Setting up Buy to Let companies comes with costs and tax bills

08 February 2016

08 February 2016 by Alan Craddock Tax

Since George Osborne announced that he would be reducing eligible interest relief on Buy to Let properties from 6 April 2017, some accountants have been advising their clients that they can mitigate the loss of tax relief by creating an incorporated company for buy to let purposes.

This advice concerns me. Setting up a company rather than privately owning buy to let property will come with costs.

First, there are the costs of creating the new company. If you are an existing buy to let investor who decides to transfer your properties into a corporate ownership structure, you will to need to meet legal fees, stamp duty (possibly) and administration fees. 

And once the company is set up, you’ll have the admin burden of filing annual company tax returns and sets of accounts.

But perhaps more importantly, especially if you are top rate tax payer with a six figure income, you must consider the tax implications of such a move. You might be looking at some pretty hefty future tax bills. 

If you are lucky enough to be earning over £150,000 a year, your effective tax rate could become £49.86 on every additional £100 of incremental profits earned in 2017/18. 

When you take into account your new property company will have to pay corporation tax of 19% from 1 April 2017 and that you as a shareholder will also face a tax on dividends at either a rate of 7.5%, 32.5% or 38.1% depending on their income (and based on 2017 rates),  top earners could easily see around half the firm’s profit being swallowed up in tax, and remember this includes gains arising too on future sales.  Not particularly much comfort when the property portfolio is held for capital appreciation and half the gains are lost in tax!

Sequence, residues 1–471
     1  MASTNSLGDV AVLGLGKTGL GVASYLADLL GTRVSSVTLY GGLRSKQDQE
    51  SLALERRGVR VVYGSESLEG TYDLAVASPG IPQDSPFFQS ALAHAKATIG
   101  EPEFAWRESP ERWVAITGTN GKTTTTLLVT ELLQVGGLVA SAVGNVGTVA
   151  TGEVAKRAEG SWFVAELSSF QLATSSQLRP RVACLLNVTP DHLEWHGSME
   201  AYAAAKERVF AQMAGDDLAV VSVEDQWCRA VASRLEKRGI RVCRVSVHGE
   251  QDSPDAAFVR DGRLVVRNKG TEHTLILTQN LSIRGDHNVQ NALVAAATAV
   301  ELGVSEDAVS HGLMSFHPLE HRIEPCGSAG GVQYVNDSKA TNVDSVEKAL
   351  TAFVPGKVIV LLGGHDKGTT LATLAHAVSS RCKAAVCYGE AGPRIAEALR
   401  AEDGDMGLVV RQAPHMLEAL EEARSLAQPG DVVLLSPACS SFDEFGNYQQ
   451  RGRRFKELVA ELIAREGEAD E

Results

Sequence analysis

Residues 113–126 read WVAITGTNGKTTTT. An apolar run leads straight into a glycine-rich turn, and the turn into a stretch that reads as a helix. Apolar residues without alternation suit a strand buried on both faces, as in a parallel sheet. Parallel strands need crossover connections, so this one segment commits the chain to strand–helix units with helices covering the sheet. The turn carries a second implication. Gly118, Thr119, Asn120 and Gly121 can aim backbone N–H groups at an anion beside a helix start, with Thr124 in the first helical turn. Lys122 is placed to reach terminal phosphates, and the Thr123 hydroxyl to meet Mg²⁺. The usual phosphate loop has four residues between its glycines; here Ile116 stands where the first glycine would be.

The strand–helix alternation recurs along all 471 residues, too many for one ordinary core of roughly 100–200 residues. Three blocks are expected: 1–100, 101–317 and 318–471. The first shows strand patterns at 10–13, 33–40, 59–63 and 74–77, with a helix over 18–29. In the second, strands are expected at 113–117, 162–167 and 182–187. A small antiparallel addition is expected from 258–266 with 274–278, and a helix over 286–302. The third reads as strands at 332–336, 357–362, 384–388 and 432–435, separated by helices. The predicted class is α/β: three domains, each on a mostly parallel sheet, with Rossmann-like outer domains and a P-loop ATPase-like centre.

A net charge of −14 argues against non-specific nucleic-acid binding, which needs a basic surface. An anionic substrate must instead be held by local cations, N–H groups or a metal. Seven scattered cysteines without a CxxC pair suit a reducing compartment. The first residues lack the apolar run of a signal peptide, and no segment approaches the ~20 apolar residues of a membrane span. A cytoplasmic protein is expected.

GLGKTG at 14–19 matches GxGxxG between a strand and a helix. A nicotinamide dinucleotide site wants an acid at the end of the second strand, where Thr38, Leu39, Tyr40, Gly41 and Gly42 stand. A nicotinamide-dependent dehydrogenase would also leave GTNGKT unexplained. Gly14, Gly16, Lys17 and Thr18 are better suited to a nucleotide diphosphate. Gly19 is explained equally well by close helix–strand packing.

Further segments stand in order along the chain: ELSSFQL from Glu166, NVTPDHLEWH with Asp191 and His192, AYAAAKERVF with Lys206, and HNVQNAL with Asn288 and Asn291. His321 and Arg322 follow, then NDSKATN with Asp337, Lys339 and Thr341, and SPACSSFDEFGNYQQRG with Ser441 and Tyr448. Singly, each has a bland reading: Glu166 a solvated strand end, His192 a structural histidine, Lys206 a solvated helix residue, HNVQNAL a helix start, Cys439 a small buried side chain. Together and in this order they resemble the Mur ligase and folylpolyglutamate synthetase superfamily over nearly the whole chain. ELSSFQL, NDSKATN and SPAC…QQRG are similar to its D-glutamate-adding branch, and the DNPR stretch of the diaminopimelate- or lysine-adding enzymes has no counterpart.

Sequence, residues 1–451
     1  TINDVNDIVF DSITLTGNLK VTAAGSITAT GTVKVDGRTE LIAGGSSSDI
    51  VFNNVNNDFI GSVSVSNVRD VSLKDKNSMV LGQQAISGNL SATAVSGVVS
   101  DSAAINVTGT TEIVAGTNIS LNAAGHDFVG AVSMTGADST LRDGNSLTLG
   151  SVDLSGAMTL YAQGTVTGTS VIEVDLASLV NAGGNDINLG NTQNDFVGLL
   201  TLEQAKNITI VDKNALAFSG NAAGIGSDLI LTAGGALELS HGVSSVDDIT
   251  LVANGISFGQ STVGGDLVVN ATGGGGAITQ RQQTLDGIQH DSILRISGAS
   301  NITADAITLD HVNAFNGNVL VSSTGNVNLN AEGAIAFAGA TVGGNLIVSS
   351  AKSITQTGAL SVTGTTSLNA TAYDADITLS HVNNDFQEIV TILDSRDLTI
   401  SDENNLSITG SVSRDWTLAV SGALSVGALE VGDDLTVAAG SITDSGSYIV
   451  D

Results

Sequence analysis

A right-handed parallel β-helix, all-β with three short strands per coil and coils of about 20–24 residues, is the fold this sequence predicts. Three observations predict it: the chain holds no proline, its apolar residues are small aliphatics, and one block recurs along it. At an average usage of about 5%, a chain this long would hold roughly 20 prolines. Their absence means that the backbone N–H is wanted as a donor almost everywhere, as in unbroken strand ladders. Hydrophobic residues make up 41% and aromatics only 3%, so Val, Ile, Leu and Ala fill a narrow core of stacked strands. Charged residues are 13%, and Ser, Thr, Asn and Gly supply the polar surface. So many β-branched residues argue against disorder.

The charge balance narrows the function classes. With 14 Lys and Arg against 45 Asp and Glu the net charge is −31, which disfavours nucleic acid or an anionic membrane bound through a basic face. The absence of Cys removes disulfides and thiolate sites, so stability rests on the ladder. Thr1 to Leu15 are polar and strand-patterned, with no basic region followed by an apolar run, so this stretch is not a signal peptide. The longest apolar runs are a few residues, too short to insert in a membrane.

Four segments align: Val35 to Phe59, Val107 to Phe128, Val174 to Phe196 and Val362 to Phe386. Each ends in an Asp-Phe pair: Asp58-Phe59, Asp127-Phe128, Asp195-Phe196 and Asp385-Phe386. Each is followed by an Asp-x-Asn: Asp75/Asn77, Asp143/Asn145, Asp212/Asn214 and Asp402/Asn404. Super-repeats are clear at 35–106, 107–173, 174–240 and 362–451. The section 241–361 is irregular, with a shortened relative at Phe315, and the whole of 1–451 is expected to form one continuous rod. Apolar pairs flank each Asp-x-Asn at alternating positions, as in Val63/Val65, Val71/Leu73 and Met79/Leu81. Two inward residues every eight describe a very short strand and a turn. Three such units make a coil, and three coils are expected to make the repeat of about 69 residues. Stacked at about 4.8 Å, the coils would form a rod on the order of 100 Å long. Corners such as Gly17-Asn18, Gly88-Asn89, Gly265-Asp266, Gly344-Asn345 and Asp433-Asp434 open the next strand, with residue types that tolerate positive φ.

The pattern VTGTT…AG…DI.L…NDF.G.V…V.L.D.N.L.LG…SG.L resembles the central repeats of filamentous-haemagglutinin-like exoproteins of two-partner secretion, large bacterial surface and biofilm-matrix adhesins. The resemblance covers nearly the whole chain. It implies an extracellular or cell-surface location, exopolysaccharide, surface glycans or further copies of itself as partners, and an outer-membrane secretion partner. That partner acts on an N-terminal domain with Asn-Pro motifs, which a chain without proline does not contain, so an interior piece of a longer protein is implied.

On top of this, we all know that low interest rates will not last forever. So if you are thinking of financing the purchase of other properties through bank debt, you must run the numbers against the likelihood of higher costs of that debt. 

If you are consoled that the Bank of England has once again pulled back from an imminent rise in base rates, the Governor Mark Carney has it firmly on record that he wants to put up rates as soon as the economy allows. 

We are therefore advising investors considering incorporating a firm for buy for let purposes to do so with their eyes fully open, and to look at alternative options, some of which may well be much more tax efficient. 

For further information, please contact Alan Craddock or your local MHA MacIntyre Hudson tax advisor. 

Got a question? Speach bubble

Make an enquiry